Is skateboarding a crime?

Almost everyone I have ever met who lived in San Diego during the 1980’s remembers the skateboard and BMX freestyle exhibitions on Ventura Court in Mission Beach outside of Hamel’s Surf and Skate Shop. And, if you were at all aware of the political climate at the time, you would remember how difficult it was for the pro-skate community to earn respect from more conservative members of the public, in particular, the police.

Currently, according to Article 4, section 84.12 of San Diego Municipal Code, regarding miscellaneous driving rules, Mission Beach is the only community in San Diego to have an active ban on skateboarding in parks and public walkways. That ban is between the hours of 10 p.m. and 7 a.m. between the geographical location of, “San Diego Place on the south and Law Street on the north.”

That area encompasses the Mission Beach and Bay boardwalks and other public walking areas from the South Mission Beach jetty to the dividing line between Pacific Beach and La Jolla.  According to the same section of the same city municipal code, the only other reason that police can legally issue tickets to people skateboarding is to minors under the age of  not wearing safety helmets and people skateboarding who will not yield right of way to pedestrians not riding skateboards.

‘Reckless pedestrianism,’ I suppose, is what a more exact definition of that law could be called.

Even as a child poser skater who preferred watching others skate who were much better at it than I, how dangerous riding skateboards can be and how insulting and degrading it feels to be treated by people in authority as a low-life criminal.

A problem many democratic societies face is the temptation people in authority can have to twist basic laws in their favor, even though they may be flat-out wrong. Very recently, I witnessed three different confrontations between police and skateboarders, two of them resulting in citations given by police to people riding skateboards in downtown San Diego.

When any figure of authority lies to the public for financial or political gain, or simply because they need their superiors to believe they are busy and being diligent in their jobs, private citizens need to question the reasoning behind it.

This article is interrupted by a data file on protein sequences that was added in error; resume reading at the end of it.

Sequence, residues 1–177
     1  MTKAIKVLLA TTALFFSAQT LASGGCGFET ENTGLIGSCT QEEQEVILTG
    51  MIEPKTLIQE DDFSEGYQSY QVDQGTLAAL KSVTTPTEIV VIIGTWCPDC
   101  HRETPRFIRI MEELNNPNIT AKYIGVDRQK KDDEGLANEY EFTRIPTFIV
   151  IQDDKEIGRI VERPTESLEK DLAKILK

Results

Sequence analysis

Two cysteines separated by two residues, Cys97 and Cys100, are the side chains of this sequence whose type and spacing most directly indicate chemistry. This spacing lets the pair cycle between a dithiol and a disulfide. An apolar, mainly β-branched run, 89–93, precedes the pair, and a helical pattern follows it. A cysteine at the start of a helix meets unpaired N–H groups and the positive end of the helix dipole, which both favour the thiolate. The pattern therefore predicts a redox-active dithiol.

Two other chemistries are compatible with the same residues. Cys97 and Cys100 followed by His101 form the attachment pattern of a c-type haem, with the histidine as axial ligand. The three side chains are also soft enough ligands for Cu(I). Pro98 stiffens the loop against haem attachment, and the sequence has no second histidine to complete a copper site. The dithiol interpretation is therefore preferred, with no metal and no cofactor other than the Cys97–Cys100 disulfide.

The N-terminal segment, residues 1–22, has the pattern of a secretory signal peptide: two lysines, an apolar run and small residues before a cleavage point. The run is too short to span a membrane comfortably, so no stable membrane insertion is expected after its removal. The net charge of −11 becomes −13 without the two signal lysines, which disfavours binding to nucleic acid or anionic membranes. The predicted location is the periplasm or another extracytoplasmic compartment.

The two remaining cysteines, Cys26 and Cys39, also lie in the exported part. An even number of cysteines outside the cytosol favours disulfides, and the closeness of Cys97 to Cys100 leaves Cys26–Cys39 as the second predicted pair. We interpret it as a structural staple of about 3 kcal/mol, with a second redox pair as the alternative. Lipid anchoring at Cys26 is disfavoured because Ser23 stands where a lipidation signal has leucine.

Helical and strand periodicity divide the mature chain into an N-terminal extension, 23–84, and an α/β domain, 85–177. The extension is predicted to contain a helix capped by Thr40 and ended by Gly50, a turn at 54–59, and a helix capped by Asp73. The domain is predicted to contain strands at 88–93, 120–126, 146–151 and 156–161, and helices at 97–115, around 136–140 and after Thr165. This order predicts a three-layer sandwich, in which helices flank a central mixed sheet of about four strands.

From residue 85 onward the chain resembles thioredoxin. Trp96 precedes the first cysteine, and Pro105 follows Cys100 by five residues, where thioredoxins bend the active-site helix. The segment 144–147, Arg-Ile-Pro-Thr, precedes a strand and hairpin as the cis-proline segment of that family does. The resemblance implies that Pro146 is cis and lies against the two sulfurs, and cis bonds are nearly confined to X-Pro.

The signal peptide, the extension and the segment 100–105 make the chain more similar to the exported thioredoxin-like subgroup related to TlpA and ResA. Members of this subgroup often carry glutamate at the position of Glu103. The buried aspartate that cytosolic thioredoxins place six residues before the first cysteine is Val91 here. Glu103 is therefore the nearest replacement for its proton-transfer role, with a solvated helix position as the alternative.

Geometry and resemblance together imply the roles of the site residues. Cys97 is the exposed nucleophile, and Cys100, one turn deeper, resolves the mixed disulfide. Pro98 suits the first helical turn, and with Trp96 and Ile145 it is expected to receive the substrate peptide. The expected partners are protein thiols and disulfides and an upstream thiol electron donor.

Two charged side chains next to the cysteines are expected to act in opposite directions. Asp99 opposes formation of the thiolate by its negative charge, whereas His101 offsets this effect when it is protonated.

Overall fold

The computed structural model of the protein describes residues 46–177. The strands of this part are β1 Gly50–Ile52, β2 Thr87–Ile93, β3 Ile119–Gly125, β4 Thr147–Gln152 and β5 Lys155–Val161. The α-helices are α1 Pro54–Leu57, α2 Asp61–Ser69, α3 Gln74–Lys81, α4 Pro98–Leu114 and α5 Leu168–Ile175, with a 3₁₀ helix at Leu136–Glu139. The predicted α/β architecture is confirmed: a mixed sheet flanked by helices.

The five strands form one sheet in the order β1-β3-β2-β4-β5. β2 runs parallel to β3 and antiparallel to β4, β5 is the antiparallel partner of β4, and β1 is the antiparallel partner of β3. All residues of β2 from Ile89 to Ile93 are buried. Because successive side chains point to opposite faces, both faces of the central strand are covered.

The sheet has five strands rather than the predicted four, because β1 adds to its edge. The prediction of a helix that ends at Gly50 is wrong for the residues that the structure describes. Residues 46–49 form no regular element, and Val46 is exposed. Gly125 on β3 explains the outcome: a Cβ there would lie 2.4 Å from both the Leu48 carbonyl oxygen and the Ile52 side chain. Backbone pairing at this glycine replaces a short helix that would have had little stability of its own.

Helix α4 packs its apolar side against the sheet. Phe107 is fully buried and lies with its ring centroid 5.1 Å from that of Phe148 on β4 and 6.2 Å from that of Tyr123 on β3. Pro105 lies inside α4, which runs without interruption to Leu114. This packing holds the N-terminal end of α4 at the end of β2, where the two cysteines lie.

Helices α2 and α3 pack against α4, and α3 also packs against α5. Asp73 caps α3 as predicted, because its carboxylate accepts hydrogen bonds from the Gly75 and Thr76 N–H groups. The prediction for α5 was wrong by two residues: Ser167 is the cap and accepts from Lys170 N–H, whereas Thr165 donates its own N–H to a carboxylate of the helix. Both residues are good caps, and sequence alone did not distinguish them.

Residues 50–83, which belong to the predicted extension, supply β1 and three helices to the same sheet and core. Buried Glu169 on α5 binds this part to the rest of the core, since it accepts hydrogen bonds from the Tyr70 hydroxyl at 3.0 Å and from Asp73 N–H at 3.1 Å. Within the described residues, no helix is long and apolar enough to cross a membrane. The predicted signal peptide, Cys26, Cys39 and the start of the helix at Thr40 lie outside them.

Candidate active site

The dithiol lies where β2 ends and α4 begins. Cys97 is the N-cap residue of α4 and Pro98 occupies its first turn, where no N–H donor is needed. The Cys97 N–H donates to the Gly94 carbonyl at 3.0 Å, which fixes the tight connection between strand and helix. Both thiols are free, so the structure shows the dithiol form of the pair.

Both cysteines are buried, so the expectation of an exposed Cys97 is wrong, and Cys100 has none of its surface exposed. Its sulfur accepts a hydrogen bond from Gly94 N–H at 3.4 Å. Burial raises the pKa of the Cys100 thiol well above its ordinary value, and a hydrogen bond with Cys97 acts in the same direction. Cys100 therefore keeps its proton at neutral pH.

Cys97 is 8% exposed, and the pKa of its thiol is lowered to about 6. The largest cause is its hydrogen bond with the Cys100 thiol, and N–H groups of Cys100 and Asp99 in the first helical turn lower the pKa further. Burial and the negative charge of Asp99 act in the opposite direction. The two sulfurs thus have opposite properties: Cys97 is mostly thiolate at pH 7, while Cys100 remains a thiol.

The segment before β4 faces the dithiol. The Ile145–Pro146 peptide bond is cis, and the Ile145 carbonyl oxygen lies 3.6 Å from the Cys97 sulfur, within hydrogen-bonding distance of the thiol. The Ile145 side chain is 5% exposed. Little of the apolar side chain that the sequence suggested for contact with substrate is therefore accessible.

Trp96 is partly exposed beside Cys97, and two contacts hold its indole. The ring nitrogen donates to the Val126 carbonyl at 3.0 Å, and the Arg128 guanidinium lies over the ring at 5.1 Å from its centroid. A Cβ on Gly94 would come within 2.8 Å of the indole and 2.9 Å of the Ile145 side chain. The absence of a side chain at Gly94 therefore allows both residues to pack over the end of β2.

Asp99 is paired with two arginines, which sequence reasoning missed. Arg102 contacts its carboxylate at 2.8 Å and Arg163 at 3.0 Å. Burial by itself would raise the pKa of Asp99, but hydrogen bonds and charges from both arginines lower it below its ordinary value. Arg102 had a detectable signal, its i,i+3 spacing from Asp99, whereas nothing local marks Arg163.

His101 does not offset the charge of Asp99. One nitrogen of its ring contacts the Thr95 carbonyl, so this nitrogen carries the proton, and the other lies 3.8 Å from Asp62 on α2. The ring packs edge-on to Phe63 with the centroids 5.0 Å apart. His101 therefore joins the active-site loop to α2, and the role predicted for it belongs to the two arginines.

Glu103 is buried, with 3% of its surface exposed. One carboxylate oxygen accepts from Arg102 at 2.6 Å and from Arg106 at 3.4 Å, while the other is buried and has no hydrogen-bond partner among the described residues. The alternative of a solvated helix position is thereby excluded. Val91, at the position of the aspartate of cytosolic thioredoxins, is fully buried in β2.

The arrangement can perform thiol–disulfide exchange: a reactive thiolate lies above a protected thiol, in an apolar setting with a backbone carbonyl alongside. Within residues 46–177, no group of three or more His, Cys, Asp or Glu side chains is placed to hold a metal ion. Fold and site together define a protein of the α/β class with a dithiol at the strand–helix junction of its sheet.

The way in which the city’s municipal code is written in regards to skateboarders yielding right of way to pedestrians gives police broad leeway in deciding when and when not to issue a citation to a skateboarder.

However, as I observed near the corner of B Street and 5th Ave. not more than two months ago, when a police traffic officer tells three to four skaters that skateboarding is illegal on sidewalks in the city of San Diego, his interpretation of the law is diluted, inaccurate, and seems to beg the skater receiving the citation to talk back or give attitude in such a way that said officer is forced to offer more citations or put the skater under arrest.

As a passerby observing this confrontation, I couldn’t help but remember the teenage Mission Beach local skate-kid that had his skateboard confiscated by a steel-toe-boot-wearing police officer on Ventura Court outside of Hamel’s, sometime in the early eighties.

I remember three important facts about that event like it was yesterday, even though at the time, I was no more than eight or nine years old.

The first thing is that the parents of the skater who had his board confiscated got the board back without paying a fine. The second thing I remember is that my parents and all the parents of my friends that also skated in that area, warned us to stay away from police and tell an adult about any interaction we had with police, whether we ourselves thought it good or bad.

The third thing I remember has nothing to do with skateboarding but at some point in San Diego’s history, San Diego police stopped wearing combat style steel-toe boots when not wearing riot gear.

My favorite expression of freedom as defined by the U.S. Declaration of Independence is the freedom to pursue happiness.

Skateboarding is, for most of us, solely a recreational form of enjoying freedom. I always wonder when I see police or security guards harassing young skaters if the police would behave the same way if a professional skateboarder like Tony Hawk, who certainly can afford a good lawyer, was the person they stopped on a city sidewalk to issue a citation to.  In this city, like most others in the nation, money talks and bullsh*t walks.

While some may say that is just a fact of life in a capitalist society, people in authority like our SDPD, who are paid less than our County Sheriffs and local firefighters should remember their guns and badges serve every citizen in this city, not just the pens that sign their paychecks.

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Is skateboarding a crime?